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Can't Wait To Get To Heaven by Fannie Flagg

Can't Wait To Get To Heaven (original 2006; edition 2007)

by Fannie Flagg

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1,460645,128 (3.87)54
Title:Can't Wait To Get To Heaven
Authors:Fannie Flagg
Info:Ballantine Books (2007), Edition: Later Printing, Mass Market Paperback, 359 pages
Collections:Your library

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Can't Wait to Get to Heaven by Fannie Flagg (2006)


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Showing 1-5 of 62 (next | show all)
A light, quite humorous book with an array of characters. Funny, funny. Cleverly told with even a good twist near the end and a recipe on the CD. I quite enjoyed this upbeat story. It's about an elderly woman who dies and all the commotion surrounding that, only to find out hours later she isn't dead and is doing fine. That causes even more, varied commotion, and the brief visit to heaven was great fun. The details in the book are funny, too. ( )
  Rascalstar | Jan 21, 2017 |
4 stars! ( )
  JennysBookBag.com | Sep 28, 2016 |
It seems Flagg wanted to revisit the idyllic town of Elmwood Springs, and I'm so glad she did. The character of Aunt Elner is so wonderful and wise, each one of us should take a page from her book. She doesn't know what she means to the people around her, which makes her all the more endearing. This is nearly a comedy of errors but with a lovely, heartwarming thread running throughout. Very much enjoyed. ( )
  EmScape | Sep 19, 2016 |
Not her best work - but reminds you to treat life as a gift and take one day at a time. Be nice to people. ( )
  swade79 | Aug 28, 2016 |
A light read with lots of humor. This story about small-town America is very funny, with plenty of quirky characters and goings on. When the well-loved Elner Shimfissle, a feisty old lady with lots of personality, dies after a freak accident, she goes directly to heaven because she lived by the golden rule, treating others the way she wanted to be treated. Once there, she meets up with her dead sister who explains that everyone is ushered into Heaven by someone special to them and the experience is tailor-made for each individual. (This reminds me of The Lovely Bones, where everyone has his or her own version of heaven.) Elner then meets God: his name is Raymond, he’s married to Dorothy, smokes a pipe, is God to all religions and faiths, and has a tendency to make mistakes and misjudgments. Very heretical for true believers who I’m sure went nuts because the after life was depicted as pleasant and not all hell and damnation! Although the plot is silly, Flagg manages to cover some serious social issues, such as racism, terrorism, and religion. Ultimately, it has a nice message: carpe diem and do good and maybe you’ll have a positive impact on someone along the way. ( )
  sushitori | Jun 2, 2016 |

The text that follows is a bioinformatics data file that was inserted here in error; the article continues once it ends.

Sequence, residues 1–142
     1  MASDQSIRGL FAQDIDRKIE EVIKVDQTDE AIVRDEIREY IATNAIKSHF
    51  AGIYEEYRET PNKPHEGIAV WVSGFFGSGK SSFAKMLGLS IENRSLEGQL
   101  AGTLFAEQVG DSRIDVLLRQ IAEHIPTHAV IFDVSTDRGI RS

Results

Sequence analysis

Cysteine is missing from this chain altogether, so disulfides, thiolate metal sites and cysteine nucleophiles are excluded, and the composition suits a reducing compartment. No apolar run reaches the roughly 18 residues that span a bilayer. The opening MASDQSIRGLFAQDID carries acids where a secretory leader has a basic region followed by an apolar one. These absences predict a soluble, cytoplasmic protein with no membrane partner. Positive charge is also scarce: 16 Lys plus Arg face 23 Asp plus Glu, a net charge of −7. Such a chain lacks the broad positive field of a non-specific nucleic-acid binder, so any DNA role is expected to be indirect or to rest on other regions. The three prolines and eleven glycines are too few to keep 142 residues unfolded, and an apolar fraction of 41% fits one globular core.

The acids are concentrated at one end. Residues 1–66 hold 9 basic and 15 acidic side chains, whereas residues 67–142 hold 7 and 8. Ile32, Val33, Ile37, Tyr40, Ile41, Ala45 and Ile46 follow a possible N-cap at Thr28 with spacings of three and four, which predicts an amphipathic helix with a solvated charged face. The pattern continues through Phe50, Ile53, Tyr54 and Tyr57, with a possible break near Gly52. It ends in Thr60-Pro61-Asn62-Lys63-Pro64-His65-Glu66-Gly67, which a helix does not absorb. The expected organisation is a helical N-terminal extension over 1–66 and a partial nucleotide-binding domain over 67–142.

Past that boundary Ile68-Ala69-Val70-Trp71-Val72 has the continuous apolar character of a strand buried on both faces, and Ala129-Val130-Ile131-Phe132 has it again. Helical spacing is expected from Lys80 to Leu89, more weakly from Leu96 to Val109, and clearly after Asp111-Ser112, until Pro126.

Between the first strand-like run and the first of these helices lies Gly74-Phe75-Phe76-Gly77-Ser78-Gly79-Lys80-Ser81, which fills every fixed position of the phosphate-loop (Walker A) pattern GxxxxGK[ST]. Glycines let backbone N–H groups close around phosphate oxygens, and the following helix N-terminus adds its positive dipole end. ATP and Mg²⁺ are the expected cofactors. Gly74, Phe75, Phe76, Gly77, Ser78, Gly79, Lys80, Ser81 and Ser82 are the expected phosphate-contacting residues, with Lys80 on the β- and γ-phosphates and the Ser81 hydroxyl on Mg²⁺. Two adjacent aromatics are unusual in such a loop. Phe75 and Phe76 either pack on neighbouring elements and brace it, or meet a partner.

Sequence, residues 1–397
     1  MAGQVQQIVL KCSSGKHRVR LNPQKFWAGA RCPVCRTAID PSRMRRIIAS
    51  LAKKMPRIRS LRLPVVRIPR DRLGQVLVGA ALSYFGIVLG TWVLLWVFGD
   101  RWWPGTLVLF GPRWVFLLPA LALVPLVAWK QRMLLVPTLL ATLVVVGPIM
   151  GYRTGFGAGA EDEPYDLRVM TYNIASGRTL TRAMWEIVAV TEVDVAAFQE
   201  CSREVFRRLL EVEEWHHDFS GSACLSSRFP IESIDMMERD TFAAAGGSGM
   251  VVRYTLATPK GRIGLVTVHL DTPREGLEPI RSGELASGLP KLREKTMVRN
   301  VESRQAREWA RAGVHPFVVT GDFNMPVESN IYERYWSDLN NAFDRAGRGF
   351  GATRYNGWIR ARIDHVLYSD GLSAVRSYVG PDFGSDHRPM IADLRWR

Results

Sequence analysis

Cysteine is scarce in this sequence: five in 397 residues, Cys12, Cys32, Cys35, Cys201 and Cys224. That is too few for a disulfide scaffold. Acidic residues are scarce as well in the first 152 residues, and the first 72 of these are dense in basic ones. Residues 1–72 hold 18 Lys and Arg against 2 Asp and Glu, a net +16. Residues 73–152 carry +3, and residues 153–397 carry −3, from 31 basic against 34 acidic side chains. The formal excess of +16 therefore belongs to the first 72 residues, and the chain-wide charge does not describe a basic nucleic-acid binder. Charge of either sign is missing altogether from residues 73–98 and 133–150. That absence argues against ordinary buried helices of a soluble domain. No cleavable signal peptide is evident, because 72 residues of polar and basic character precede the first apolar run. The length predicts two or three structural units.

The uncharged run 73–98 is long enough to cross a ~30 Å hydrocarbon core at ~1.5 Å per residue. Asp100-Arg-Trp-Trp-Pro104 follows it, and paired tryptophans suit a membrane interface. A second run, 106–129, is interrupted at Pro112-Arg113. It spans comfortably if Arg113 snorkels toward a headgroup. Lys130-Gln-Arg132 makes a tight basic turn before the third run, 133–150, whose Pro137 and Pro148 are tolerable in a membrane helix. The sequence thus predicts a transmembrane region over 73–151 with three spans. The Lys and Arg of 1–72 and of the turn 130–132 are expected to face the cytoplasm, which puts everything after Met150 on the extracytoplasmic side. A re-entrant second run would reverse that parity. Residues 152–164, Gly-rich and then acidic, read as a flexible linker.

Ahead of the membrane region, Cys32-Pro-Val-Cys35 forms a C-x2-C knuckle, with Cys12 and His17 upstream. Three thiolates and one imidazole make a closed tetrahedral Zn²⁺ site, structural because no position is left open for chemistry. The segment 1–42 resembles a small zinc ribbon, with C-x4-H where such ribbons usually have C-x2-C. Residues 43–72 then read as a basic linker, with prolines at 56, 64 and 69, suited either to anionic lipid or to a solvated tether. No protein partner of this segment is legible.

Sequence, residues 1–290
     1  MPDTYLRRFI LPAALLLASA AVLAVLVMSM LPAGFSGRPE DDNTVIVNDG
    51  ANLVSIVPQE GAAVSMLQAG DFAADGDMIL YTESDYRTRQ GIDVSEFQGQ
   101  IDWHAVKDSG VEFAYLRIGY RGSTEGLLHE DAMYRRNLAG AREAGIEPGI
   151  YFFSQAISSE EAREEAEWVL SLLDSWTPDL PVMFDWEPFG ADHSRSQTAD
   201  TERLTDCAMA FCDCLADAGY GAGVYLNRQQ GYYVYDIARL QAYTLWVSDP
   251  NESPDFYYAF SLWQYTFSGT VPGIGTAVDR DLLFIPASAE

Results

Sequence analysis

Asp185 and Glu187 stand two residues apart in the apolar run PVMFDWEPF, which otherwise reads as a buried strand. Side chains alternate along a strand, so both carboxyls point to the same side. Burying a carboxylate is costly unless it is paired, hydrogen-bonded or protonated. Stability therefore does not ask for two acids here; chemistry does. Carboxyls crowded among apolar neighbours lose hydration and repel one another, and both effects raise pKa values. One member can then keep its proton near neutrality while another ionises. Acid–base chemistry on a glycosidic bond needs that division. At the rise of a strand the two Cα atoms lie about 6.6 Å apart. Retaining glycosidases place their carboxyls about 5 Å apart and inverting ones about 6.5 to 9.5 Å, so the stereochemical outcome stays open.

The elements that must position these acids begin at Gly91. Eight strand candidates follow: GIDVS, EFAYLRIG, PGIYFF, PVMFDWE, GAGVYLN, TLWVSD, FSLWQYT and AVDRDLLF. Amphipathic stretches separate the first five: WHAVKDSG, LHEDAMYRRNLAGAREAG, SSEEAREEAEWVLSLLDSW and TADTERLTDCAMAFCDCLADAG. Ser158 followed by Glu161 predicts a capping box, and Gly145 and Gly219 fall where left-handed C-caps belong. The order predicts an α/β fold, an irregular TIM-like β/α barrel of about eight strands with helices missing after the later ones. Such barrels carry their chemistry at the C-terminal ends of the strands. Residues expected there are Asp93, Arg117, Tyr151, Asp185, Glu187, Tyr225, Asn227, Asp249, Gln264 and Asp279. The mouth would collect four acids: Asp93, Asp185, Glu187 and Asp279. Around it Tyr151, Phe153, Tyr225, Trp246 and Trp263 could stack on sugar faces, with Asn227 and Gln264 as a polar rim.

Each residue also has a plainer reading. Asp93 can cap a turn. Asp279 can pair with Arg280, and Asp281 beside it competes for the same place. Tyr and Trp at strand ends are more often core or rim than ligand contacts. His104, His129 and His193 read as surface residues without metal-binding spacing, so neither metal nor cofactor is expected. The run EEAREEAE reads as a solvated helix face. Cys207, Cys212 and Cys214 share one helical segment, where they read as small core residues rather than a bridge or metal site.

Showing 1-5 of 62 (next | show all)
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There are two ways to live your life. One is as though nothing is a miracle. The other is as though everything is a miracle.
—Albert Einstein
To my good friend Peggy Hadley
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After Elner Shimfissle accidentally poked that wasps' nest up in her fig tree, the last thing she remembered was thinking "Uh-oh."
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Amazon.com Product Description (ISBN 0345494881, Paperback)

Combining southern warmth with unabashed emotion and side-splitting hilarity, Fannie Flagg takes readers back to Elmwood Springs, Missouri, where the most unlikely and surprising experiences of a high-spirited octogenarian inspire a town to ponder the age-old question: Why are we here?

Life is the strangest thing. One minute, Mrs. Elner Shimfissle is up in her tree, picking figs, and the next thing she knows, she is off on an adventure she never dreamed of, running into people she never in a million years expected to meet. Meanwhile, back home, Elner’s nervous, high-strung niece Norma faints and winds up in bed with a cold rag on her head; Elner’s neighbor Verbena rushes immediately to the Bible; her truck driver friend, Luther Griggs, runs his eighteen-wheeler into a ditch–and the entire town is thrown for a loop and left wondering, “What is life all about, anyway?” Except for Tot Whooten, who owns Tot’s Tell It Like It Is Beauty Shop. Her main concern is that the end of the world might come before she can collect her social security.

In this comedy-mystery, those near and dear to Elner discover something wonderful: Heaven is actually right here, right now, with people you love, neighbors you help, friendships you keep. Can’t Wait to Get to Heaven is proof once more that Fannie Flagg “was put on this earth to write” (Southern Living), spinning tales as sweet and refreshing as iced tea on a summer day, with a little extra kick thrown in.

From the Hardcover edition.

(retrieved from Amazon Thu, 12 Mar 2015 18:23:27 -0400)

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Back in Elmwood Springs, Missouri the experiences of a high-spirited octogenarian inspire a town to ask the question "Why are we here"?

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